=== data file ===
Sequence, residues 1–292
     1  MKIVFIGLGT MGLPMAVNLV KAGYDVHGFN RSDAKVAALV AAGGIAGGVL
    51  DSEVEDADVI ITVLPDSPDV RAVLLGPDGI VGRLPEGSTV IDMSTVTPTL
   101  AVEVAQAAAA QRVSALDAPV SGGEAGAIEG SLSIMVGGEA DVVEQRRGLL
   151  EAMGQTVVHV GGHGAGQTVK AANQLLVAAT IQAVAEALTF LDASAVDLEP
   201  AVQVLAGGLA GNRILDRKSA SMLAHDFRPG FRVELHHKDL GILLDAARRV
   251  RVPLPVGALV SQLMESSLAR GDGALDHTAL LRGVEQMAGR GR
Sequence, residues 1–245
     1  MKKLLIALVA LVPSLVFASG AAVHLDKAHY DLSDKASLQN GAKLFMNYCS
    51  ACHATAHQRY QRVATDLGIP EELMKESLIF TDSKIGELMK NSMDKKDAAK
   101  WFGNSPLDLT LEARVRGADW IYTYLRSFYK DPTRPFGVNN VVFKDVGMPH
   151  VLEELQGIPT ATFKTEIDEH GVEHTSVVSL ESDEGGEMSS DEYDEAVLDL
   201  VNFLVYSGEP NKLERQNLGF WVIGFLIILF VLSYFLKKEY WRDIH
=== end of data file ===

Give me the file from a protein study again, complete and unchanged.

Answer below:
Sequence, residues 1–292
     1  MKIVFIGLGT MGLPMAVNLV KAGYDVHGFN RSDAKVAALV AAGGIAGGVL
    51  DSEVEDADVI ITVLPDSPDV RAVLLGPDGI VGRLPEGSTV IDMSTVTPTL
   101  AVEVAQAAAA QRVSALDAPV SGGEAGAIEG SLSIMVGGEA DVVEQRRGLL
   151  EAMGQTVVHV GGHGAGQTVK AANQLLVAAT IQAVAEALTF LDASAVDLEP
   201  AVQVLAGGLA GNRILDRKSA SMLAHDFRPG FRVELHHKDL GILLDAARRV
   251  RVPLPVGALV SQLMESSLAR GDGALDHTAL LRGVEQMAGR GR
Sequence, residues 1–245
     1  MKKLLIALVA LVPSLVFASG AAVHLDKAHY DLSDKASLQN GAKLFMNYCS
    51  ACHATAHQRY QRVATDLGIP EELMKESLIF TDSKIGELMK NSMDKKDAAK
   101  WFGNSPLDLT LEARVRGADW IYTYLRSFYK DPTRPFGVNN VVFKDVGMPH
   151  VLEELQGIPT ATFKTEIDEH GVEHTSVVSL ESDEGGEMSS DEYDEAVLDL
   201  VNFLVYSGEP NKLERQNLGF WVIGFLIILF VLSYFLKKEY WRDIH